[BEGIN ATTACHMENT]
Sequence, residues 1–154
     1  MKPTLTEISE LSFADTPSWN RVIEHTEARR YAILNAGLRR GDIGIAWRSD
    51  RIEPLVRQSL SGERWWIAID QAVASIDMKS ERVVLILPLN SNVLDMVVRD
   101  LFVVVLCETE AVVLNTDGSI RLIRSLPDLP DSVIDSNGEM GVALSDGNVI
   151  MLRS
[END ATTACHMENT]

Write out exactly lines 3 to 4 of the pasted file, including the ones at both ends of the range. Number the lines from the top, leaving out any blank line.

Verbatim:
    51  RIEPLVRQSL SGERWWIAID QAVASIDMKS ERVVLILPLN SNVLDMVVRD
   101  LFVVVLCETE AVVLNTDGSI RLIRSLPDLP DSVIDSNGEM GVALSDGNVI